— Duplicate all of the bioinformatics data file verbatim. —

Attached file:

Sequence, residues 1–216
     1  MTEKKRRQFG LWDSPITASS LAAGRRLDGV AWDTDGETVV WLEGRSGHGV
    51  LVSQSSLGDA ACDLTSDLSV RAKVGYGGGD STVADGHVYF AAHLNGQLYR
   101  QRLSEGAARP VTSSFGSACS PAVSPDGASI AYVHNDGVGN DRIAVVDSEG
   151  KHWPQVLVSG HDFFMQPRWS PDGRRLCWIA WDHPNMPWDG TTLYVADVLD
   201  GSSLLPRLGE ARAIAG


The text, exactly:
Sequence, residues 1–216
     1  MTEKKRRQFG LWDSPITASS LAAGRRLDGV AWDTDGETVV WLEGRSGHGV
    51  LVSQSSLGDA ACDLTSDLSV RAKVGYGGGD STVADGHVYF AAHLNGQLYR
   101  QRLSEGAARP VTSSFGSACS PAVSPDGASI AYVHNDGVGN DRIAVVDSEG
   151  KHWPQVLVSG HDFFMQPRWS PDGRRLCWIA WDHPNMPWDG TTLYVADVLD
   201  GSSLLPRLGE ARAIAG